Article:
The much-anticipated gelato shop that looks like a dry cleaners has opened in North Park under the misleading title, An’s Dry Cleaning. Many of the signature flavors are named after linens such as chiffon (strawberry-ginger), poplin (cucumber, lime and mint), and silk (almong-sage). The gelatos are scratch-made in small batches and use locally sourced ingredients. 3017 Adams Ave., 619-450-6166, adcgelato.com.
This year’s annual Pride brew is a collaboration between Ballast Point Brewing and Hillcrest Brewing Company (HBC). Described as a “cucumber lager,” the newly released product is made with German hops and Bock yeast. Brewers Kelly Tidwell of Ballast and Clinton Shaver of HBC began working on the recipe earlier this year at Ballast Point’s brewing facility. It is available at Ballast Point locations (ballastpoint.com) and HBC (1458 University Ave., hillcrestbrewingcompany.com). Consumers can also find it at various West Hollywood bars starting June 10.
Forget acai bowls and kale salads if you’re delving into the newest foods at the San Diego County Fair, which opened June 1 and continues through July 4. This year’s lineup includes deep-fried filet mignon, which pales in sinfulness compared to items such as spaghetti and cheese compacted into the shape of donuts; bacon-wrapped baklava; chocolate-flavored pasta served in red velvet waffle bowls; lasagna nachos; ramen burritos; and unicorn cotton-candy ice cream sandwiches.
On the liquid side of things, there will be plenty of suds and spirits for the tasting as the grounds make way for the San Diego International Beer Festival (June 15-17) and the Distilled Spirit and Cocktail Festival (June 23). 2260 Jimmy Durante Blvd., Del Mar, 858-755-1161, sdfair.com.
The chic, little cafe in Hillcrest formerly known as The Kouch is now called Bardo Lounge. Its recent re-branding has resulted in more options for breakfast and lunch as well as a “lightened up” motif in Pride rainbow colors — but in pastels, according to manager Jack Castillo.
In addition to beer, wine, cocktails and coffee, the menu includes colorful “ombre” pancakes, tacos, quesadillas, salads, and more. There are also two types of multigrain toast; the LGBT sandwich is topped with guacamole, bacon, lettuce and tomatoes.
For $8 you can score two fish tacos and a Modelo beer at any time during regular operating hours. 3852 Fourth Ave., 619-269-5729, bardolounge.com.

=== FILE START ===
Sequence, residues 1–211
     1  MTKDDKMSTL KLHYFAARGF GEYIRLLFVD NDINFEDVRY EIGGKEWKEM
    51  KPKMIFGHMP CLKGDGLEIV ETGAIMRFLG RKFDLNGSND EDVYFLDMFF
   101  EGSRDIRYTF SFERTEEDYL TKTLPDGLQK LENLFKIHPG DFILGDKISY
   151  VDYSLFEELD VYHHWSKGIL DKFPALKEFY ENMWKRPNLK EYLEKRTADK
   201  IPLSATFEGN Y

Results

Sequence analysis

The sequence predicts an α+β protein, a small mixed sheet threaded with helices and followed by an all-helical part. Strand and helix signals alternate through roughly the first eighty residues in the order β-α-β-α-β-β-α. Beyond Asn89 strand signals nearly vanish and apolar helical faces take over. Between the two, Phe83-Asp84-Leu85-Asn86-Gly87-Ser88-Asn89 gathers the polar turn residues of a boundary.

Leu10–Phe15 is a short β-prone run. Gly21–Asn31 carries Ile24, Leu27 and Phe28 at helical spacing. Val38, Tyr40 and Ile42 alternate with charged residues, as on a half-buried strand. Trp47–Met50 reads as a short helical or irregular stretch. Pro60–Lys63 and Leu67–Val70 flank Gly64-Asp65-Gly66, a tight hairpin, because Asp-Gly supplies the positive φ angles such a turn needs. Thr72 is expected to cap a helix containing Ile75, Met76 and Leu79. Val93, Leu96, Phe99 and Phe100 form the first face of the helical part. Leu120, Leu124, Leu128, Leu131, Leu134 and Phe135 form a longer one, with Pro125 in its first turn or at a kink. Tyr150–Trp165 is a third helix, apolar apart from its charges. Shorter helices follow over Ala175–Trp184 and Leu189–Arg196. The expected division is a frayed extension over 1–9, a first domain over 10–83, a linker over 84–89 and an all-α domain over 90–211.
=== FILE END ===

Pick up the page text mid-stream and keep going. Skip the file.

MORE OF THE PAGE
The new El Tianguis in North Park has one of the most straightforward menus of any Mexican eatery in San Diego. Aside from agua frescas, horchata and sodas, customers are faced with four easy meal decisions: beef, chicken, potato or lentil-quinoa rolled tacos. They’re served with or without sour cream, cheese, lettuce, salsa and guacamole. The quaint space captures the vibrant colors of Mexico’s markets and bazaars, which are known as tianguis throughout Latin America.
The eatery is owned by Oscar Ancira, whose family founded the highly successful Deli Mex, a wholesaler and manufacturer that supplied taquitos to retailers mainly in markets west of the Mississippi. Ancira says that when his family sold the business in 2001, they were making 2 million rolled tacos a day, hence the idea to open an eatery specializing in “what I know best.” 2810 El Cajon Blvd., 619-677-3581, eattaquitos.com.
Scores of San Diegans have contributed to the latest tally of mussel bisque orders served at Dobson’s Bar & Restaurant since it opened in 1984. According to head chef Martin San Roman, records show that 1.1 million servings have been sold.
The famed pastry-crowned bisque, which receives a generous pour of sherry when it’s served, has sated the likes of President Bill Clinton, world-renowned cellist Yo-Yo Ma, famous bullfighters from Mexico and other luminaries. Of late, San Romano says he sells up to 700 orders per week. As for the origin of the recipe, the restaurant’s founder, Paul Dobson, obtained it decades ago from a bistro in Normandy, France. 956 Broadway Circle, 619-231-6771, dobsonsrestaurant.com.
— Frank Sabatini Jr. can be reached at email@example.com.